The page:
Ignoring Customary Real Estate Sale Closing Costs

Jun 25, 2018

Customary Real Estate Sale Closing Costs and Why They Should Be Ignored Cordon Real EstateReal estate sales are highly regulated activities. From the moment a property is offered for sale, dozens of federal, state and local laws determine how it must be advertised, shown and sold. Additionally, real estate agents who are members of the National Association of REALTORS© are obligated to conduct themselves in accordance with the Association’s REALTOR© Code Of Ethics. There are also a number of standard practices that are not subject to regulation – they are traditions or customs. Some are good, such as listing agents providing shoe covers at the door at an open house when the home has spotless carpets and the seller wants to keep them that way. Others, such as customary allocation of real estate sale closing costs, interfere with aggressive sales strategy and should be ignored. Let’s look at why.

First, what are customary real estate sale closing costs? They are simply fees and expenses paid by the buyer and seller during a real estate sale. Each cost is identified on the buyer’s and seller’s escrow closing statements and typically include:

  • Escrow fees
  • Title fees
  • Notary fees
  • Appraisal fees
  • Inspection fees (general, electrical, plumbing, roof, pest, pool, well, septic, etc.)
  • Home warranty
  • County and/or city transfer taxes
  • There could be other real estate closing cost items, every transaction is unique

Customs regarding who pays which fees, or how fees are split between buyer and seller, vary from county to county and from one end of a state to another, as is true here in California. Even within the relatively small San Francisco Bay area, customary real estate closing cost allocations vary between counties on either side of the Bay. Are some of these cost allocations required by law? One or two might be, or could be in the future, and buyers and sellers should ask their broker or escrow officer to identify allocations mandated by law. The vast majority of allocations are subject to custom, especially payment of escrow fees, title fees and transfer taxes, so let’s consider how to address them in our buying or selling strategy.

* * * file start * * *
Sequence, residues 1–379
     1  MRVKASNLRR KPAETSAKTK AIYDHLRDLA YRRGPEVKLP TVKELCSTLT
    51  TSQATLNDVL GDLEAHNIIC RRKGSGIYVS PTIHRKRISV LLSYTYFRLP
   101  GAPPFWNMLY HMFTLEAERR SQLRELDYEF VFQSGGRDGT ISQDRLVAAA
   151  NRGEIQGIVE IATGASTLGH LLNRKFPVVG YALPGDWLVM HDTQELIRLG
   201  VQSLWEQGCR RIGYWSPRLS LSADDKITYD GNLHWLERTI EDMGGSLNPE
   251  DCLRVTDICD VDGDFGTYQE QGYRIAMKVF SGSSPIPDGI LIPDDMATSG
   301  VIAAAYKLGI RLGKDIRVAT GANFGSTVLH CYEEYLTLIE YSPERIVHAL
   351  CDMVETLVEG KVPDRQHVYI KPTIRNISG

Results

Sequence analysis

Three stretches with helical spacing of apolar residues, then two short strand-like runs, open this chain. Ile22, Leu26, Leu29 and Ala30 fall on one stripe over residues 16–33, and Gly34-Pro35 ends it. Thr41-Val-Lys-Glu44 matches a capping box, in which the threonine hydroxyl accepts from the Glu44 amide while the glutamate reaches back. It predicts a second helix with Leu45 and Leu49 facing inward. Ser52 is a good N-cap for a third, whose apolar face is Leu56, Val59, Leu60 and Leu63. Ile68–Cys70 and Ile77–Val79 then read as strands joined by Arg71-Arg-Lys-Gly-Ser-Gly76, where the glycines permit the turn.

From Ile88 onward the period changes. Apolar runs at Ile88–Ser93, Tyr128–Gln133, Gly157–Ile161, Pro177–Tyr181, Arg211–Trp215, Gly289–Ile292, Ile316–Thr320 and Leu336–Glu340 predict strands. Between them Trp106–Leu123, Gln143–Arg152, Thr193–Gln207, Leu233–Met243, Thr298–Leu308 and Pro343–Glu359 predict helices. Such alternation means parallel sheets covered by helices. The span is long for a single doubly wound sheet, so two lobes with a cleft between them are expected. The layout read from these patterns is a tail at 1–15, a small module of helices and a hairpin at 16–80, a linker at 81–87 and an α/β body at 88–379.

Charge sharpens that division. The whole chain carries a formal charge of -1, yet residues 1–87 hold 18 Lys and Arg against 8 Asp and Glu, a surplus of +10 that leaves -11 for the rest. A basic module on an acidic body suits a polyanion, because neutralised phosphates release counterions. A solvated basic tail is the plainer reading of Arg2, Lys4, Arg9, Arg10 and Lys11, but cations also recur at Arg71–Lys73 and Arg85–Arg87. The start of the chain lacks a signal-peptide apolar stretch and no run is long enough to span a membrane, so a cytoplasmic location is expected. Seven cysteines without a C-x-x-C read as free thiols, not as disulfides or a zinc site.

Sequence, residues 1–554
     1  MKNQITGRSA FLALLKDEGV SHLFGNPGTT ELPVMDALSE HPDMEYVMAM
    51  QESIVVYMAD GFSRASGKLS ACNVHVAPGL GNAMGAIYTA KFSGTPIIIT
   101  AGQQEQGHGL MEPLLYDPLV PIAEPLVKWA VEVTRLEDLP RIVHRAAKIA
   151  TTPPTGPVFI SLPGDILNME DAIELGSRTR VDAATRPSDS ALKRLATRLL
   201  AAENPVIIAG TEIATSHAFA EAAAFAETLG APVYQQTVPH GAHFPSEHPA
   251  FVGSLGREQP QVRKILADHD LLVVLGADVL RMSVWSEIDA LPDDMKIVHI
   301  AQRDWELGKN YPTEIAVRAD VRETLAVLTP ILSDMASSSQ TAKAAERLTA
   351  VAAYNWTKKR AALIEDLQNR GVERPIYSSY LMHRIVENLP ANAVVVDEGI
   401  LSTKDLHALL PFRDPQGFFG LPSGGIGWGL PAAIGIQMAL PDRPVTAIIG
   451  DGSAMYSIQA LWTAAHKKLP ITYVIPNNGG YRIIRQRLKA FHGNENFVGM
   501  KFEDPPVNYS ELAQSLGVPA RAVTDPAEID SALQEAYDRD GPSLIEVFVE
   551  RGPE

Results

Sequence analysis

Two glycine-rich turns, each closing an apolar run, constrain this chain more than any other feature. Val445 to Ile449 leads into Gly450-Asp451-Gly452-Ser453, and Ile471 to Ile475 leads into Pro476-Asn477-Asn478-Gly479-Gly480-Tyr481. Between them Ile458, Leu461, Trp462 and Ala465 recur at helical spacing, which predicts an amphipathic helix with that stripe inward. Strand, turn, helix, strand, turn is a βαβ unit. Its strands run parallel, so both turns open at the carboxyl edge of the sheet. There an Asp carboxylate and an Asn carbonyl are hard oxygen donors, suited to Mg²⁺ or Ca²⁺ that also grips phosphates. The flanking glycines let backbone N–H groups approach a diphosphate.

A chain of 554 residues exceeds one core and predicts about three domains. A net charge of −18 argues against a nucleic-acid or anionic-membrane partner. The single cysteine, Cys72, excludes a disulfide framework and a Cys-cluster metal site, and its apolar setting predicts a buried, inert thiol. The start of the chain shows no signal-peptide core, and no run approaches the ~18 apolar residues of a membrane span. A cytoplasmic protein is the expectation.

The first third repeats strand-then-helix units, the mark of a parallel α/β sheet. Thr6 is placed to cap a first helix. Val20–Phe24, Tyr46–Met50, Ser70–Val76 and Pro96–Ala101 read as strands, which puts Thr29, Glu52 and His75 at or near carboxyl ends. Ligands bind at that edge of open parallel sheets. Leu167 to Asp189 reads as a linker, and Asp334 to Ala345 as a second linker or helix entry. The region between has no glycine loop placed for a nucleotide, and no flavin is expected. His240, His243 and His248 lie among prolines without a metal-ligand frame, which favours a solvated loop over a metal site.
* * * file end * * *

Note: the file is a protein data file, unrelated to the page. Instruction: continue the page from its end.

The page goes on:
Accepting Customary Closing Cost Allocations Is Bad Either SideReal estate sales strategy is determined by market conditions and the property in question. Purchase price and length of escrow period are just two of over two dozen contract variables available to buyers and sellers when they negotiate a purchase agreement. Accepting customary real estate closing cost allocations takes a significant negotiating variable off the table for both sides. How much negotiating leverage do closing costs have? Maybe a lot, maybe a little. Closing costs can vary greatly based on the sale price, property type and location (tax jurisdiction).

Sellers want to maintain control over closing cost allocations when market conditions favor them (a seller’s market). If there are many buyers and their property is in great demand, sellers obviously have the opportunity to ask for the best price and terms buyers are willing to pay – including payment of a majority (perhaps even all) of the closing costs.

Buyers want to maintain control over closing cost allocations when market conditions favor their position (a buyer’s market). They want to negotiate a purchase agreement that requires the seller to pay a majority of the closing costs. Even in a seller’s market, buyers want to maintain control over real estate closing cost allocations as an offer strategy. For example, if the seller receives three offers and the purchase price is the same in all of them, but two offers include splitting closing costs as customary in the area and one offer states the buyer will pay all closing costs, which offer is the seller most likely to accept?

In summary, never take any negotiating variable off the table when it is not mandated by law. Whether a buyer or seller, look for every opportunity to use market conditions and available negotiating variables to obtain the best possible price and firms in your transaction.

As always, consult with a tax professional when negotiating tax-related variables in any real estate contract.

Do you have a question regarding real estate sale closing costs, buy/sell strategy or any other real estate matter? Please contact John using Contact Us.

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